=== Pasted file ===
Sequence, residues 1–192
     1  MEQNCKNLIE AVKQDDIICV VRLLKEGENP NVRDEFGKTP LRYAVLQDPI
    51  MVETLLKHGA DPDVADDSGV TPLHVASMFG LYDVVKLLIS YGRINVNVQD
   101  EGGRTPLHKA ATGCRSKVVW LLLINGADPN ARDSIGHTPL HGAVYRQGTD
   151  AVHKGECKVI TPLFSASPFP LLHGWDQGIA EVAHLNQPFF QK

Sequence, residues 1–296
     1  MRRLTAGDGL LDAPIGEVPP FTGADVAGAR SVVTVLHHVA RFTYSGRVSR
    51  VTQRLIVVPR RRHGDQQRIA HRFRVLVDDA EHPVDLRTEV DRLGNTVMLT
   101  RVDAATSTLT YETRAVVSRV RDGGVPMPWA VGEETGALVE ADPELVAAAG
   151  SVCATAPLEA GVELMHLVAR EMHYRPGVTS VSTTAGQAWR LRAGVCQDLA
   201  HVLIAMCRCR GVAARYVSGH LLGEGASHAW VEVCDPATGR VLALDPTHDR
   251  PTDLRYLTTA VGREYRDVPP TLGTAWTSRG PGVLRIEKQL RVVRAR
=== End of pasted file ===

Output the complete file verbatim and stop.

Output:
Sequence, residues 1–192
     1  MEQNCKNLIE AVKQDDIICV VRLLKEGENP NVRDEFGKTP LRYAVLQDPI
    51  MVETLLKHGA DPDVADDSGV TPLHVASMFG LYDVVKLLIS YGRINVNVQD
   101  EGGRTPLHKA ATGCRSKVVW LLLINGADPN ARDSIGHTPL HGAVYRQGTD
   151  AVHKGECKVI TPLFSASPFP LLHGWDQGIA EVAHLNQPFF QK

Sequence, residues 1–296
     1  MRRLTAGDGL LDAPIGEVPP FTGADVAGAR SVVTVLHHVA RFTYSGRVSR
    51  VTQRLIVVPR RRHGDQQRIA HRFRVLVDDA EHPVDLRTEV DRLGNTVMLT
   101  RVDAATSTLT YETRAVVSRV RDGGVPMPWA VGEETGALVE ADPELVAAAG
   151  SVCATAPLEA GVELMHLVAR EMHYRPGVTS VSTTAGQAWR LRAGVCQDLA
   201  HVLIAMCRCR GVAARYVSGH LLGEGASHAW VEVCDPATGR VLALDPTHDR
   251  PTDLRYLTTA VGREYRDVPP TLGTAWTSRG PGVLRIEKQL RVVRAR